If life and work, were complete meritocracies, then we’d never sweat about whether we’re getting recognised and rewarded for what we do.
But as most of us have found out, it isn’t always the best person who gets noticed or promoted, it’s sometimes the person who’s done a great job promoting themselves.
If you sometimes secretly seethe because you can see others around you moving forwards in their career but you’re not getting the same level of advancement, then it’s a good time to ask yourself why.
Here are 5 simple questions to ask yourself:
- Am I meeting my job expectations? Before looking for promotions or rewards, it's essential to ensure that you're successfully meeting your current role's responsibilities. You might need to seek feedback from your boss or colleagues to determine if you are meeting these expectations.
- Am I continuously improving and learning? Upskilling and continual learning are crucial in today's ever-changing job market. If you've been stagnant in your skill set or knowledge, it might be hindering your promotion prospects.
- Have I communicated my career ambitions? If you have not clearly communicated your career aspirations and desire for a promotion to your manager, they may be unaware that you're interested in advancing. Make sure you've communicated these goals effectively.
- Am I taking on responsibilities beyond my current role? Showing initiative and willingness to take on extra tasks can demonstrate your ability to handle more responsibilities. If you're not doing this, it might be a reason you're not seeing progress.
- Am I effectively networking within the organization? Building relationships within the organization can help you learn about new opportunities, gain advocates for your work, and get support when promotion opportunities arise. If you're not networking effectively, you might be missing out on chances to move up.
These are practical questions at the tactical level, but you might also want to consider this.
Are you uneasy about stepping out into the limelight? For many, there can be a discomfort about shedding light on your contribution, or dare I say it, your brilliance.
So, again, leaning into the practical, here are some things you can do if you’re struggling with drawing attention to the value you’re creating:
- Document Your Achievements: Keep a running log of your accomplishments, big or small, and quantify the impact whenever possible. This gives you concrete evidence to share about your performance and value to the organisation.
- Practise Assertive Communication: This doesn't mean being aggressive or confrontational. Instead, it involves clearly expressing your thoughts, feelings, and needs in a respectful and confident manner.
- Seek a Mentor: A mentor can offer valuable advice on how to advocate for yourself and can help bolster your confidence. They can also help you navigate the political landscape of your workplace and may provide opportunities for you to shine.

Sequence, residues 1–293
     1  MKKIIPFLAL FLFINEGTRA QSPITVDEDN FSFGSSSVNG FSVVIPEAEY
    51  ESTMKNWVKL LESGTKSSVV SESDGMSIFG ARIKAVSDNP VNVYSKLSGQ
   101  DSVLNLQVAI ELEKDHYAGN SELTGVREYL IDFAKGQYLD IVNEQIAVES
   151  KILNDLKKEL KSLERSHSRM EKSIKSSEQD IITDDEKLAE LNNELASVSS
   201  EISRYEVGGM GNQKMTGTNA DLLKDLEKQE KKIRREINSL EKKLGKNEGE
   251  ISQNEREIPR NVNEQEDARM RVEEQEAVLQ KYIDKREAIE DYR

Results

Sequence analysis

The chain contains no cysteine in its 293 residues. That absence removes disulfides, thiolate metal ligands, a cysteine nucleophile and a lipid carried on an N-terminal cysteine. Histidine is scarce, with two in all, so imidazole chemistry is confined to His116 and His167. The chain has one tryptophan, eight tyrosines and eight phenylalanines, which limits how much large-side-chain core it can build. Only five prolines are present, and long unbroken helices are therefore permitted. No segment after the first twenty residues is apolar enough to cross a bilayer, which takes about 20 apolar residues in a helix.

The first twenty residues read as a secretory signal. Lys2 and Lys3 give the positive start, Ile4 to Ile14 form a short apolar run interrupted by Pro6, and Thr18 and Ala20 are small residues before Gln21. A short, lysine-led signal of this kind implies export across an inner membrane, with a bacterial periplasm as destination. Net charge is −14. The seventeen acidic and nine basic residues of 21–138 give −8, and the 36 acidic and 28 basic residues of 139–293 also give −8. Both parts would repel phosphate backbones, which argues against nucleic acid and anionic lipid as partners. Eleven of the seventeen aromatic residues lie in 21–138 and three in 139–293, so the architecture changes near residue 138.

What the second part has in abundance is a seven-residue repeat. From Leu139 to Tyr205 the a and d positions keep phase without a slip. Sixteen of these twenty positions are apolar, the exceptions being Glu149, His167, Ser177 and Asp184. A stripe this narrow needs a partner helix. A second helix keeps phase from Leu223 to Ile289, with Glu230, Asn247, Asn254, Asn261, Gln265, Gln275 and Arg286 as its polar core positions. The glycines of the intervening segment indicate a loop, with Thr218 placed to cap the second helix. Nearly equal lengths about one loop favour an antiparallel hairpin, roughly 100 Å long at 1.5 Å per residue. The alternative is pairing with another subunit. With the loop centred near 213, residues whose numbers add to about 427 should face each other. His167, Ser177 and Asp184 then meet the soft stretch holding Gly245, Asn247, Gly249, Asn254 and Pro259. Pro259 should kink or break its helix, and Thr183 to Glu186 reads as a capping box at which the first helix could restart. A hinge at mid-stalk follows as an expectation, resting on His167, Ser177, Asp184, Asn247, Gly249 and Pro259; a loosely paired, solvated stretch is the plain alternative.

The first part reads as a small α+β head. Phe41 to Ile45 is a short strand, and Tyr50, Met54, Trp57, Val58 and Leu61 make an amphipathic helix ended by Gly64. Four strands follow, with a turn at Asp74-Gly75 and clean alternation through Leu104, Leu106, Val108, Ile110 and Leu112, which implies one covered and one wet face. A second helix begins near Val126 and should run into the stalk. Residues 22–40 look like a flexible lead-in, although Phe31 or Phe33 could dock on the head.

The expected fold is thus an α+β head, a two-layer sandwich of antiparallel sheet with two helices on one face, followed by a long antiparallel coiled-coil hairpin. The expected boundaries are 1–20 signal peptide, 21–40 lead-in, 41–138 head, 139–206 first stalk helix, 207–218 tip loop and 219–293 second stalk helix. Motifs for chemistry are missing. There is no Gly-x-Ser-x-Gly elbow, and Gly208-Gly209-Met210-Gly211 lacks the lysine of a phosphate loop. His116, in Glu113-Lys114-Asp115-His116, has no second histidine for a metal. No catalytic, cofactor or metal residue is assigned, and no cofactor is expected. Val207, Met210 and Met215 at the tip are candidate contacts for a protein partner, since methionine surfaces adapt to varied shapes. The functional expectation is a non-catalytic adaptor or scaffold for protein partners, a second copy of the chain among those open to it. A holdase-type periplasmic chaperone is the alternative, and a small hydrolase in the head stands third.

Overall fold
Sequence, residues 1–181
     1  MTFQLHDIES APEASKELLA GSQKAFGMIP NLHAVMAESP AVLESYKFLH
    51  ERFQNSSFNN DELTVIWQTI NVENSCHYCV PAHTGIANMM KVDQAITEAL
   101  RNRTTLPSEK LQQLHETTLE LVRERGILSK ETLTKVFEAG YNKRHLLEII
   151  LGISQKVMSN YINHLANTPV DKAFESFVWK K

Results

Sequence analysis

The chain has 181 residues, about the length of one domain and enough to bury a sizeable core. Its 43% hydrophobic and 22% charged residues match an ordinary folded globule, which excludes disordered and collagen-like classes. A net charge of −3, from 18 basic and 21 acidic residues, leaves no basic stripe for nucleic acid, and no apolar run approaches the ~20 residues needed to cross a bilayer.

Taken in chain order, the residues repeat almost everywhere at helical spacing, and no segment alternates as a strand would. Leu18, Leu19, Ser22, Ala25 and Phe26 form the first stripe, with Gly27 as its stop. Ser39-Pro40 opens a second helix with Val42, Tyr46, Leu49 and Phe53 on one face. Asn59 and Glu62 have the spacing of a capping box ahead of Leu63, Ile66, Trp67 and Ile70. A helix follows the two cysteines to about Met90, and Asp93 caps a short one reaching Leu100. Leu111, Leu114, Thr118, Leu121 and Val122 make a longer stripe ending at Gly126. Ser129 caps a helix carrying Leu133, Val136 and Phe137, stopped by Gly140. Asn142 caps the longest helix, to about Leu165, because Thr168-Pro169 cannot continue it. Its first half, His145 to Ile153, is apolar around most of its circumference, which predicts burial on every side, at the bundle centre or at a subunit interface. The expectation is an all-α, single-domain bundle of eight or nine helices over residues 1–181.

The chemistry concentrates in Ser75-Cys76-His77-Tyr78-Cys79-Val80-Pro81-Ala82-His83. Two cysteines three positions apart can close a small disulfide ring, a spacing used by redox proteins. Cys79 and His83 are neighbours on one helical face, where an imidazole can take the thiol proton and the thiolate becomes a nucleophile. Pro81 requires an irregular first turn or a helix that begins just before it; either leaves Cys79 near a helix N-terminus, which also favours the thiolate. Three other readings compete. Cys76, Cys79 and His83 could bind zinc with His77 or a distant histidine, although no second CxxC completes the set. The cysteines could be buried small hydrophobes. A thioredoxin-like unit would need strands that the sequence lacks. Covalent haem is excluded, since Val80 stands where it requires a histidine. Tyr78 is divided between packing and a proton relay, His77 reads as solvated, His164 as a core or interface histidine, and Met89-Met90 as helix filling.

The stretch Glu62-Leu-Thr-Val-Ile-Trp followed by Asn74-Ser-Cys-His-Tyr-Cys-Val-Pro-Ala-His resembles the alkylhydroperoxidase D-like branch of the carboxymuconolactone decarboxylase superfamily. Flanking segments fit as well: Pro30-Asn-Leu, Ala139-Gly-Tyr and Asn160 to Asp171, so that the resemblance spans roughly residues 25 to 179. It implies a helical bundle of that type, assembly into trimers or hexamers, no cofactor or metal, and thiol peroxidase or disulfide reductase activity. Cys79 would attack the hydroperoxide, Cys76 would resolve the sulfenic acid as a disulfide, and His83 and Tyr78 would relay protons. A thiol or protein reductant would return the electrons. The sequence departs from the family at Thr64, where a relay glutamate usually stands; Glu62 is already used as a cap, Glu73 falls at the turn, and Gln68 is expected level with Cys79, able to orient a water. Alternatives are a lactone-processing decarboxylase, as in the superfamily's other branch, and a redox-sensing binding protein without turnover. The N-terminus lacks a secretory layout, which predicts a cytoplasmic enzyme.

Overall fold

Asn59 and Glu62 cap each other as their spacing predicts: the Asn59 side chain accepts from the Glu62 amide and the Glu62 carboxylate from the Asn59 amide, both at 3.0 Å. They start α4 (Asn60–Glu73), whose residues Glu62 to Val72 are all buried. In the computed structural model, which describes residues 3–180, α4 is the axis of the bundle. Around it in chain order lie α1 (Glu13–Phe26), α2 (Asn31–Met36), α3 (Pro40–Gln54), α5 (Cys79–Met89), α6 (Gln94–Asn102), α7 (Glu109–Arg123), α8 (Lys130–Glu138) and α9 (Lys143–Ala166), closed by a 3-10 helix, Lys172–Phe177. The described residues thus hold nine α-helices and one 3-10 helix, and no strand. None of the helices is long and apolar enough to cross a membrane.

- Develop Your Personal Brand: Create a personal brand that showcases your unique skills and value proposition. This can be done through a variety of channels, such as LinkedIn, or within your company via presentations or internal communications.
- Seek Out Small Group or One-on-One Discussions: If the idea of speaking about your accomplishments in a large group setting is intimidating, start by discussing them in smaller, more intimate settings.
- Request Feedback Regularly: Regular feedback can help you understand where you stand and how others perceive your work. It also provides opportunities for your manager to acknowledge your accomplishments.
- Use the 'Sandwich Method': If you're uncomfortable talking about your achievements, try sandwiching them between two other topics. For instance, discuss a challenge you faced, then mention the successful result you achieved, followed by the next steps or future goals.
Self-promotion in the workplace isn't about bragging or inflating your accomplishments; it's about effectively communicating your value to others.
I’d put it even more strongly.
Are you being fully in service to yourself and to your family, to your colleagues and your organisation, when you hold back from sharing what you accomplish?
Shared from a place of authenticity and clarity, it’s easy to discern between what feels like showing off and what feels like a heartfelt decision to share your value.
Most of us have strong BS detectors built-in.
I always encourage my clients to prioritise not living with regret. One of those regrets could be ‘I never really lent fully into sharing my brilliance. I missed out on opportunities because I held back from sharing what I do authentically and genuinely. In service of me and others.'
Let that not be you 🙂
By the way, as a final note, this is valid in other contexts too, not just work.